Swingamajig Festival

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A few weeks after working at the Flatpack Festival I was contacted by Lauren, the festivals co-ordinator, to see if I might also be interested in volunteering at the upcoming Swingamajig festival.
Last year I filmed a television piece there, as part of our formats module, and I really enjoyed the festivals carnival style atmosphere. The festival celebrates all things swing and retro from music and dance to circus acts and big band performances. It’s very different to any festival I have ever been to before. Despite it growing in size each year it still manages to retain it’s friendly and welcoming atmosphere.

I arrived at Digbeth’s Rainbow Arches in full 1920’s attire, as I’d felt quite left out wearing normal clothes last year and dressing up was encouraged in the volunteer information so I thought I’d have fun with it. I’m so glad I made the effort now as how I was dressed ended up making a difference to the job I was given, so I’d definitely consider this when getting dressed for future job roles. I’d say, always ‘Dress the Part’. So if it’s a wedding or formal occasion, don’t turn up in casual clothes; if you’re going to be filming in the woods in autumn think about walking boots and waterproofs. It may seem like it doesn’t matter what you wear as a filmmaker or photographer but, sadly, we are still often treated how we are perceived and dressing appropriately can help to give an added air of professionalism. Even the simple, accessory filled, apron I wear on set helps to identify me as a crew member and it gives me a little more confidence and somehow makes me ‘feel’ more professional.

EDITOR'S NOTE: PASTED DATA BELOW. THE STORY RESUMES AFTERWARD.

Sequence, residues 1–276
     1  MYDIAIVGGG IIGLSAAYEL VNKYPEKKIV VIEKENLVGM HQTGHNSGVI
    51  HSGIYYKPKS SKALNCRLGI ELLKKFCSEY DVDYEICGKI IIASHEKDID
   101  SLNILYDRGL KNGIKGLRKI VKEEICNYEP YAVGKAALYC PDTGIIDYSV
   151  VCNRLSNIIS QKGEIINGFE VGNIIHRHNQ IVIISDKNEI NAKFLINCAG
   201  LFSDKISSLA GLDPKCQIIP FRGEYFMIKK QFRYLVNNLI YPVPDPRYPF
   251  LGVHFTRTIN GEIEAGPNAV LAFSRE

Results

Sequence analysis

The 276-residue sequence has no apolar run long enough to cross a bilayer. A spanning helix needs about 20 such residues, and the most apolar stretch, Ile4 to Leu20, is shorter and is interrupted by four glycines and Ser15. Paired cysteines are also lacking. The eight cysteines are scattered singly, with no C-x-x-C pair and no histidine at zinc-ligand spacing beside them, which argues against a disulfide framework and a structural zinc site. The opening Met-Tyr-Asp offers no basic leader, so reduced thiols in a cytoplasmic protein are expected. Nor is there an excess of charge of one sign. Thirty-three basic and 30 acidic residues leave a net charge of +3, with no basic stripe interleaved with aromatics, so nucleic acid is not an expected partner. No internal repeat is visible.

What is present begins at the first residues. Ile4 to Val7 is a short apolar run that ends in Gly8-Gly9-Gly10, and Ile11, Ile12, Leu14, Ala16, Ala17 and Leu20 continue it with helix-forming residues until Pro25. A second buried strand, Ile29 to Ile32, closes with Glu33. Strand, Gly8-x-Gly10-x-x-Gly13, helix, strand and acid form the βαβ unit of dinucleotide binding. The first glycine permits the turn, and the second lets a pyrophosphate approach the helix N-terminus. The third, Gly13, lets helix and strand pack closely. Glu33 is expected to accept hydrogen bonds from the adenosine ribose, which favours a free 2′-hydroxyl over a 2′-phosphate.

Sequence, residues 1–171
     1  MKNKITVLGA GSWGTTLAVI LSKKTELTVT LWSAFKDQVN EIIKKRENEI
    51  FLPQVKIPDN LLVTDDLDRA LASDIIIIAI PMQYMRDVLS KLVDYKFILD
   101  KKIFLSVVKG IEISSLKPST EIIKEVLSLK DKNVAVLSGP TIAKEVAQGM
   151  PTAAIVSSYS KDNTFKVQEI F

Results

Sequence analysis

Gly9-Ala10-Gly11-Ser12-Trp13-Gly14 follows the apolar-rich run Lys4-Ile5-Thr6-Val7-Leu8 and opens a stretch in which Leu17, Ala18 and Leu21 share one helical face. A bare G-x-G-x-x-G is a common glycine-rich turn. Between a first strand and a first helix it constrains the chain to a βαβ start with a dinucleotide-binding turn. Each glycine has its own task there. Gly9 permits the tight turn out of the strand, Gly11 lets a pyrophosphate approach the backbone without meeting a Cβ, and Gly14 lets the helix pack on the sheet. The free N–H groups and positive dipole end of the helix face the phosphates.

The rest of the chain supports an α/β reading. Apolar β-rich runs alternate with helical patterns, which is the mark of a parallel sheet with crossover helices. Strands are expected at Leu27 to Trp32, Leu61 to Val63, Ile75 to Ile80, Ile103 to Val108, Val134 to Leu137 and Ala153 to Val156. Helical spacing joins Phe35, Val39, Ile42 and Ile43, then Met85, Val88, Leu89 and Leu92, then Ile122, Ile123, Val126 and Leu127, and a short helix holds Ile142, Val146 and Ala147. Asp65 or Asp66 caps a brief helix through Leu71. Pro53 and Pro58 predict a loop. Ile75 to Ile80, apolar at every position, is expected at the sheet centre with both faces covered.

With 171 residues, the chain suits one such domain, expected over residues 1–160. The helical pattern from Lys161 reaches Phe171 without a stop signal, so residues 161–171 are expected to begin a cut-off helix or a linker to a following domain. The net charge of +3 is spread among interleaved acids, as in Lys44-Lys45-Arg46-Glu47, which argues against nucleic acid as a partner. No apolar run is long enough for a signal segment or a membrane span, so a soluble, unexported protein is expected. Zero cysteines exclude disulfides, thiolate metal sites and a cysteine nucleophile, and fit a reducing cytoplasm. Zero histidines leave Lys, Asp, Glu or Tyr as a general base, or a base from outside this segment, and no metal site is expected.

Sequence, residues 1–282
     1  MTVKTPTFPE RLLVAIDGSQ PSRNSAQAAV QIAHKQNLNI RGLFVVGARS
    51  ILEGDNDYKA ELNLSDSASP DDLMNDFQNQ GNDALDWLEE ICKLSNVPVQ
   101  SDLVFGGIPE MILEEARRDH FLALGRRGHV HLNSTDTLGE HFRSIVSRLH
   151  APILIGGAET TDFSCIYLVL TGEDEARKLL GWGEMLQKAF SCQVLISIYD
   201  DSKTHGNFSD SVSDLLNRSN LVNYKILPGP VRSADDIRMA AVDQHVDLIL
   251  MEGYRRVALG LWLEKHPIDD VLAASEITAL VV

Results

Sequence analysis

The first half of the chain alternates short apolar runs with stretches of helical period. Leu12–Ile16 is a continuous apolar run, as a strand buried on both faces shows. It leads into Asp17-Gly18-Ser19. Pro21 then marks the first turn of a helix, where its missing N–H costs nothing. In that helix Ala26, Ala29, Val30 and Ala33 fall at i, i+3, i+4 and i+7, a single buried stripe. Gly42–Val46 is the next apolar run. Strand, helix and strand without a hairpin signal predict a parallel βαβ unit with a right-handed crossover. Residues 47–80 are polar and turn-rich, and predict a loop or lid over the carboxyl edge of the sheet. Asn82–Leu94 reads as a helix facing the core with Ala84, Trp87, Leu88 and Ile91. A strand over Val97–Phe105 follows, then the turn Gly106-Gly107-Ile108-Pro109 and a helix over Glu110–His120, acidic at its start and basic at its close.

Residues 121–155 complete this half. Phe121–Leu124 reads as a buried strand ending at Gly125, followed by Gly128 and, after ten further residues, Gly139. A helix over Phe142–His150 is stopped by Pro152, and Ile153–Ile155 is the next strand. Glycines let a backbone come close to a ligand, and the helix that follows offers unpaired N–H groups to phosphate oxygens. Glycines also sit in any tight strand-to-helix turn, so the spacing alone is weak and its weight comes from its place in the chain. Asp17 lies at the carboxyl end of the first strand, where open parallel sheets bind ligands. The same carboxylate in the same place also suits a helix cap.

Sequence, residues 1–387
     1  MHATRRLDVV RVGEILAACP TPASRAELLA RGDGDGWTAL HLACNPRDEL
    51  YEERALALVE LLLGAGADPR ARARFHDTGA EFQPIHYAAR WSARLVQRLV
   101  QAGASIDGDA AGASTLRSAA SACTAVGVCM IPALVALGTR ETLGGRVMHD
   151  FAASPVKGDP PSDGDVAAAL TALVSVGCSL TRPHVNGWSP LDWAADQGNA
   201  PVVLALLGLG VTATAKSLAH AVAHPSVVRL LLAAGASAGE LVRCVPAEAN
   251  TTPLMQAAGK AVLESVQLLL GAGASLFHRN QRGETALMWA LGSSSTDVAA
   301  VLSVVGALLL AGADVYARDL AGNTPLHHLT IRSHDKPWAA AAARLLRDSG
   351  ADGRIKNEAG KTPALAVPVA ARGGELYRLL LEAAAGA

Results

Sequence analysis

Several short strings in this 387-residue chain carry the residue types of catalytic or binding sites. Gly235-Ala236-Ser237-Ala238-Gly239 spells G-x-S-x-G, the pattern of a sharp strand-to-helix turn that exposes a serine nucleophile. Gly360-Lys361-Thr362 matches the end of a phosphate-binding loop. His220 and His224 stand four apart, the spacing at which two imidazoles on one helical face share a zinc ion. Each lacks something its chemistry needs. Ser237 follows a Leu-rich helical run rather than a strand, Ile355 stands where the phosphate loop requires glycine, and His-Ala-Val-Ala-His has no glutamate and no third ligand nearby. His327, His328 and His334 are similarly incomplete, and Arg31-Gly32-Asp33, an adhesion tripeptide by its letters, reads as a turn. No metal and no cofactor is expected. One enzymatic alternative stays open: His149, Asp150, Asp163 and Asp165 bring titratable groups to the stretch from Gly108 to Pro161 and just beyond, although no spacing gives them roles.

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There were five of us in the Stewarding team but as I was the only one totally over dressed they decided I should be at the front of the festival welcoming guests in and directing them in to the entrance gates.

This job was quite different to my usual roles but really allowed me a unique view of the festival itself. I got to talk to artists and musicians as they arrived, meet the photographers and filming crew, spend time with security and find out what goes on behind the scenes of running a festival that size but I also got to interact with the public and feel their excitement and enthusiasm for the festival itself.

Swingamajig festival is a true love affair of it’s creators the band Electric Swing Circus, who orchestrate the whole event with a very hands on, personal approach. During my time at front of house I saw Tom walking past again and again. Meeting and greeting musicians, carrying equipment, and even bothering to stop and make sure myself and the other volunteers were being taken care of and enjoying our roles on site.

After seeing Tom’s approach I feel that this is the type of director or producer I also hope to be one day. Someone who doesn’t think they are above everyone else; someone who gets involved and helps out when it is needed; someone who cares about the people on set and ensures the crew works together, looking out for one another, with one combined goal in mind; the success of your team and your final project.